Prevention of ECoV infection involves minimizing contact between horses of unknown infection status and maintaining high standards of sanitation in all equine facilities, especially when traveling. Manure should be disposed of in a location where it cannot contaminate pastures, paddocks, or drinking water. New horses in equine facilities should be quarantined for 3 weeks before integration into the resident population. There are currently no vaccines for ECoV. Vaccines have been successfully used to prevent bovine coronavirus (BoCV), a closely related beta coronavirus, in herds; however, these vaccines have not yet been evaluated in horses.

Any horse with fever should be considered potentially infected with ECoV and isolated from other horses immediately. Horses found to be positive for ECoV via fecal PCR should remain in isolation, and strict biosecurity measures and manure management should be implemented to prevent the spread of infection to other horses in the vicinity. Other horses on the property should be monitored for fevers (assess and record temperature at least twice each day) and/or leukopenia. Farm personnel working with horses that are shedding ECoV should wear disposable gloves and personal protective equipment (gowns or dedicated coveralls, boot covers) and handle infected horses last and as infrequently as possible. Diligent hand washing is also important, and a 70% ethanol hand sanitizer should be used when moving between horses. Horses should remain in strict quarantine until confirmed to be fecal PCR negative. Typically, shedding periods range from 2 to 21 days, but may be longer in some cases. Therefore, isolating infected horses for a predetermined period and then presuming the horse has stopped shedding is not recommended.

Potential for Transmission to Other Species

Although coronaviruses affect many species worldwide, ECoV has only been reported in horses. Transmission of ECoV from horses to other species has not been documented.

Additional Information

Detailed information on ECoV including up-to-date reports of ECoV cases by county and state and information regarding infectious disease control are available through the Equine Disease Communication Center at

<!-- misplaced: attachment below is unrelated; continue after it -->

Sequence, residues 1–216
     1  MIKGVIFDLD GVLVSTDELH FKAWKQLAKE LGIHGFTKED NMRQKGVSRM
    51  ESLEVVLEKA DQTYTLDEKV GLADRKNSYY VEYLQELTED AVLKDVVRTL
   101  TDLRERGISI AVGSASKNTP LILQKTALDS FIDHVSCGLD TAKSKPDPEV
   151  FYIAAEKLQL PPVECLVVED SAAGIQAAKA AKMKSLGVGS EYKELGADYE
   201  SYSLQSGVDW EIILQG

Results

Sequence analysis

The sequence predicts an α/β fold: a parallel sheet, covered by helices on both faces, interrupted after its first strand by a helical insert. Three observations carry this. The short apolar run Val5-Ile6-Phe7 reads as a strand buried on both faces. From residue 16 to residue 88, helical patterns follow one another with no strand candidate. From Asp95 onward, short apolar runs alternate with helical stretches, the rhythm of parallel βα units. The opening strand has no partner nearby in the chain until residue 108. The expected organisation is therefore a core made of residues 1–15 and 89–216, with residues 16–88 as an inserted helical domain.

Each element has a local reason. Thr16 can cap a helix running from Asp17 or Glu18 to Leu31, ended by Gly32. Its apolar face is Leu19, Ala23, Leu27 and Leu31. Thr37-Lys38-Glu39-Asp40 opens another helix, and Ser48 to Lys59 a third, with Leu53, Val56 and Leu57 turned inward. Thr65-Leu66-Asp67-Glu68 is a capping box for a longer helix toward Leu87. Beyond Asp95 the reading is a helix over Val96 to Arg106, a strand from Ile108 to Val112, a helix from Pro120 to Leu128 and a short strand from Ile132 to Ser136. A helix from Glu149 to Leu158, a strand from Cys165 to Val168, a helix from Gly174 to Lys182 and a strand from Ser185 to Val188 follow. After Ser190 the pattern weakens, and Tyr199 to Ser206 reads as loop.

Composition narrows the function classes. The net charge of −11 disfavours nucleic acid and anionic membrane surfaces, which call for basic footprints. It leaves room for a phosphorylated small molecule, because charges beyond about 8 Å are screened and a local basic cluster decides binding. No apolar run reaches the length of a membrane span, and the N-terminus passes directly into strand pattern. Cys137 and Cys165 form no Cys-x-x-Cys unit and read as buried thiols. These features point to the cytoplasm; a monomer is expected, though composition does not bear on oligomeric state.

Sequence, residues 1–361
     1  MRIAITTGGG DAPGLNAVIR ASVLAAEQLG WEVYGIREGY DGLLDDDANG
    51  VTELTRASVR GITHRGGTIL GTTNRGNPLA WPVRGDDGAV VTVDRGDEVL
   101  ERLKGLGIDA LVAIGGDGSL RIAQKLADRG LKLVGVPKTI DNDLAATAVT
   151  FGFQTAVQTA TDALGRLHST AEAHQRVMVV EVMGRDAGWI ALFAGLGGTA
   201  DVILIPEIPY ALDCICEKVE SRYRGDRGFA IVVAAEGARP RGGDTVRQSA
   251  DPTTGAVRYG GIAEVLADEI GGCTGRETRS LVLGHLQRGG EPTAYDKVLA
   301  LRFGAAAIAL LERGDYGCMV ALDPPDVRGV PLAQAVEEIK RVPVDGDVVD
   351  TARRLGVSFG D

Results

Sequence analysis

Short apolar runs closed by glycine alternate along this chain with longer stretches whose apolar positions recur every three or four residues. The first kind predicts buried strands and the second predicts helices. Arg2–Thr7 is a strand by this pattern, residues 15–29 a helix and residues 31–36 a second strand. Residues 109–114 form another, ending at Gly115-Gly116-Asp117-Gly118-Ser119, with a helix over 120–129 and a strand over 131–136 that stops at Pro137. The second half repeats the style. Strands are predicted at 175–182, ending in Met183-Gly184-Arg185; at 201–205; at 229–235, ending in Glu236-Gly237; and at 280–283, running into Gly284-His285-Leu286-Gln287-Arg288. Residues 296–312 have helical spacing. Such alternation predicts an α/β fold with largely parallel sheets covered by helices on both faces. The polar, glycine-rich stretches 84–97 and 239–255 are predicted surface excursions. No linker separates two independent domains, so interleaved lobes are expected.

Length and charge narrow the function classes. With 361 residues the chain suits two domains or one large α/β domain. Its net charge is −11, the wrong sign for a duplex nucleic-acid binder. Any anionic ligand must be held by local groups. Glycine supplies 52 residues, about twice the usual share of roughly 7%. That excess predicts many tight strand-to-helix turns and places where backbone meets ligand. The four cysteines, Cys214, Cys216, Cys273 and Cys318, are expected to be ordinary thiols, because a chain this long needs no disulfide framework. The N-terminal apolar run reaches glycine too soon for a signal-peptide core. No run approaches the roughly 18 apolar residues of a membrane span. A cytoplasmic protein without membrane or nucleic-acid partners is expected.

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Fielding, C., J. Higgins, J. Higgins, S. McIntosh, E. Scott, F. Giannitti, A. Mete, and N. Pusterla. 2015. “Disease Associated with Equine Coronavirus Infection and High Case Fatality Rate.” J. Vet. Intern. Med. 29:307–310.

Kooijman, L. J., K. James, S. M. Mapes, M. J. Theelan, and N. Pusterla. 2017. “Seroprevalence and Risk Factors for Infection with Equine Coronavirus in Healthy Horses in the USA.” Vet. J. 220:91–94.

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Sanz, M. G., S. Kwon, N. Pusterla, J. R. Gold, F. Bain, and J. Evermann. 2019. “Evaluation of Equine Coronavirus Fecal Shedding among Hospitalized Horses.” J. Vet. Intern. Med. 33(2): 918–922.

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Peer Reviewed

Publication #VM250

Release Date:February 9, 2023

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DeNotta, Sally

University of Florida

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About this Publication

This document is VM250, one of a series of the Veterinary Medicine—Large Animal Clinical Sciences Department, UF/IFAS Extension. Original publication date January 2023. Visit the EDIS website at for the currently supported version of this publication.

About the Authors

Sally DeNotta, DVM, PhD, DACVIM, clinical assistant professor, large animal internal medicine, and veterinary Extension specialist, UF College of Veterinary Medicine; and Linda Mittel, DVM, MSPH, Veterinary Support Services, Animal Health Diagnostic Center, Cornell University; UF/IFAS Extension, Gainesville, FL 32611.